runs. Being hit on the finger by a
batted ball, he was obliged to retire
at the close of the second. Krog-
man then went in the box and per-
mitted the Illinoisans to make but
four hits. Crawford was credited
with three base hits. Rich made a
brilliant catch of a hot liner and
Spurney sacrificed a put-out for a
clever double play.
In the game with Purdue yester-
day our team calcimined the Hoosi-
ers, vice versa football, by a score
of 18 to o. Base hits off Seymour
and Irogman were as young ladies
in thne p. g. law class.
SCORE:
Inings-.. .....1 2 a 4 s
Michigan-...-.......4 0 1 2 4 a 3 2 0-18
'urdue -............ 0 0 0 5 0 5 0 0 --0
J. D. S.

II
to-- cie an " at F -fi ame
othaered a pahinbl ud cert
CtantrtiMttusIiiall lastIt cny otig T 1?
U rthe sica-iltceortt theim
Aocaion fthe liesitytio
'aso'ainoMx '14.J4t' fichiga~n the .;lee and banjo cbitiESy
of that fa gioslestern institution ti
of learning appeared in a concert
which probed highly successfol and
entertaniing. Thirty or uore young
men in dress suits participated i
the musical performances of the
occasion. They drew inspiration
from pretty girls and huge bouquets when you wanttheLatest Metropolitan Styles
the frgatfeswhich u nwere seat-retof $2, $3,$4 or $5 shoes at 50c to $I a pair less
ofnflithornt fsonw ntieprrasiu
ethan Ann Arbor prices, send for Catalogue to
profusion. The stage was decorated
with green plants, and ribbons ofR4H .F t C
yellow and blue-the college colors 11 8-8 ovAt V.
--hung from the proscenium arch. DE.TROIT, - - MIIGAN.
The first song on the programme
the effect of arousingBll,'the latent qieIthmand Strdighf Qa.
enthusiasm of the alumni who were No. 1
in the audience, as well as 'the ad- CIGARETTES.
miration of all friends of the uni- Cigarette smoters who
versity. It was a very good song. a toD a it
The applause rang through the hall charted isr the n>rdtt a
;l t te Cig arettes, wilin(ae
like the roar and rattle of hail upon'tBRN superior to
a tin roof. 'hen for an encore the The Richmond Straight
students came out and sang, "y tliut No.1 Ci-arettes are made from the bright-
, n f T ,' t est, most deilcately flavored and higheot cost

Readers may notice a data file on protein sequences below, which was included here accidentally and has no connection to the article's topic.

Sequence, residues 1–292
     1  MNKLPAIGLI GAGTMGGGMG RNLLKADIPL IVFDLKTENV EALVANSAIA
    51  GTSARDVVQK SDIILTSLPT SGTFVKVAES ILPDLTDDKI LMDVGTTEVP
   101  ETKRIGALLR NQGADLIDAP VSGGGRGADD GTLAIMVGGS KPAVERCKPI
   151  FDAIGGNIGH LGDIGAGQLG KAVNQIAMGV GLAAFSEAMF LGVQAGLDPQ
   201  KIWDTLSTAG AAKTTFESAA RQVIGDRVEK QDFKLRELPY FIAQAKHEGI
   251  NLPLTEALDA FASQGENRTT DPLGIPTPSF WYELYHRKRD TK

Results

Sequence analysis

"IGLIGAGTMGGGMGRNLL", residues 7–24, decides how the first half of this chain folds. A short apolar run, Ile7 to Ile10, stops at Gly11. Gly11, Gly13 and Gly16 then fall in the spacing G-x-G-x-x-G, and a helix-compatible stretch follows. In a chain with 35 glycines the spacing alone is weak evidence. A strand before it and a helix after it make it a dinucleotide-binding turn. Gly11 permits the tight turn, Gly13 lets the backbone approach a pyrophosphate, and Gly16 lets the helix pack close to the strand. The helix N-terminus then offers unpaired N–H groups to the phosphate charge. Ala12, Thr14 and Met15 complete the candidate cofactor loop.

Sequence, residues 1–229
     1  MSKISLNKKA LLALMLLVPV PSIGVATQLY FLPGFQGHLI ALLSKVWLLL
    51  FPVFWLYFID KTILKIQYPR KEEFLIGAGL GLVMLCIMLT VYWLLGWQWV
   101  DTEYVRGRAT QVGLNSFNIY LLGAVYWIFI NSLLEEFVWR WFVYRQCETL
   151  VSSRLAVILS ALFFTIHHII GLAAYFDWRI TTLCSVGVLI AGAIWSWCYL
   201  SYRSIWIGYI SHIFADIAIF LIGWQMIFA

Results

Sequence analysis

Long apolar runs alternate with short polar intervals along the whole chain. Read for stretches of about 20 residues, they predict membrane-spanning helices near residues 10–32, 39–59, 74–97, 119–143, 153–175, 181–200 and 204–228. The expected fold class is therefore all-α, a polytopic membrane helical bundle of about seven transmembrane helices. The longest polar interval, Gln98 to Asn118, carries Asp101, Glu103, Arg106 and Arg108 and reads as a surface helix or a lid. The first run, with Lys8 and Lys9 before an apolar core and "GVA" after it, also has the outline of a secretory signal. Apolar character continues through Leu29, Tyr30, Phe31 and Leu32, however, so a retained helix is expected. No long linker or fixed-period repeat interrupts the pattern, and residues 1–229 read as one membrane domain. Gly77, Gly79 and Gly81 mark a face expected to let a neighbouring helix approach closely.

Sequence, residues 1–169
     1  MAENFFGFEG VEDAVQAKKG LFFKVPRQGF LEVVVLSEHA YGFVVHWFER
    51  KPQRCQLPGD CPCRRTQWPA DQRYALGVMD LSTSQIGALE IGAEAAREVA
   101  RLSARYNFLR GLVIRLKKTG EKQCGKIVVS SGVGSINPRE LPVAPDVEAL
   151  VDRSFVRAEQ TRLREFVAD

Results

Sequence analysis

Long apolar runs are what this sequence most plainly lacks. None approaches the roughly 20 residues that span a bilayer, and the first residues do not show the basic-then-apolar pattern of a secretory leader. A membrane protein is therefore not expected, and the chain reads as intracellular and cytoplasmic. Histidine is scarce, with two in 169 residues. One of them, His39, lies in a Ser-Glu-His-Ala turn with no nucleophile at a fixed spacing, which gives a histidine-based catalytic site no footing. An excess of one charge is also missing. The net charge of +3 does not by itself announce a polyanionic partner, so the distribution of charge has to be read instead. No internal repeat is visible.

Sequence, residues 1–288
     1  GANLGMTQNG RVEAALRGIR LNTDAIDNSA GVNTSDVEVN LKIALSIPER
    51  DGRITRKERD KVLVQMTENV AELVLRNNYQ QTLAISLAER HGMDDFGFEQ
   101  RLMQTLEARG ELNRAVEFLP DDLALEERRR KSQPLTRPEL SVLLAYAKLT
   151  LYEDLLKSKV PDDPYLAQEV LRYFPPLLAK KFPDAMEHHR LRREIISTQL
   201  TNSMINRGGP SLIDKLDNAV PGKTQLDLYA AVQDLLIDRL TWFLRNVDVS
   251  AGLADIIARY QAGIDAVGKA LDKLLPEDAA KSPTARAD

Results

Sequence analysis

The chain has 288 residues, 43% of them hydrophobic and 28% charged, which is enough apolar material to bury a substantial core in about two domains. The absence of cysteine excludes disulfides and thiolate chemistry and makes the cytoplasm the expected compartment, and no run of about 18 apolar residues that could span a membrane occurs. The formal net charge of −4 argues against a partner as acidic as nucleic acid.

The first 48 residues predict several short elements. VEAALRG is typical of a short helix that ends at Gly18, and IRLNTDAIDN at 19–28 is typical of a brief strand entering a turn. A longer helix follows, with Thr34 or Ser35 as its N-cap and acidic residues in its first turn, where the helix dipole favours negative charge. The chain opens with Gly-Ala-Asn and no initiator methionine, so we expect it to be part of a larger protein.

Country, 'is of Thee, to tune of Gold Leaf grown in Virginia. This issthe Old
"Ta-ra-ra ILoon-d-a." 'thissas t atd Original Brand of Straight Cut Cigarettes,
s and was brought out by ess in the year 18 .
exceedinly amusing, the effect being toware or imitations, and observe that the
y 'Da Oinm name as below i- an every package.
produced by the incongruity between The ALLEN & GINTER Branch
the sentinnemnt acd the air (S tseA mericanTobaccoCo.,
:aManufacturers, - - Richmond, Virginia.
The banjo club made its appear-
ance next in Vogel's tuneful "Arion
Waltzes."' Then came the "Phan-
tom Band," an extremely clever
imitation of drumming and horn
tooting as done by vagrant street o
bands.
Mr. George and the club in a
serenade by Niedlinger, and "Fun '
in the Cotton Fields," a string of
pleasing plantation melodies, closed
part first of the programme.
Part second opened with "A
Little of Everything," a medley
arranged by Mr. Starrett for the
banjo club. Dudley Buck's "1-lark!
the 'rumpet!' was sung with fine
spirit; and then Mr. Thompson, P. J. KINNUCAN,
with his extraordinary bass voice,
and assisted by the glee club, sang
"Old Thompson's Mule, a very MERCHANT
grotesque bit of humor.
"Spin, Spin," by Jungst; Jaxone's
"La Seranate" and the "Cigarette TAILOR
Song" finished part two.
"Blue Ribbon March," banjo
club quintet; West's "A Warrior AND IMPORTER OF
Bold;" James Whitcomb Riley and
Jules Jordan's "A Life Lesson," by
Mr. Richardson and the club;O ES,
"There Was an Old Soldier," "Hat
Drill," and "Ann Arbor" concluded 55 W. FORT ST,
the performance.
A complete account of trip will
appear in tomorrows DAsI. ,Detroit, ihigan.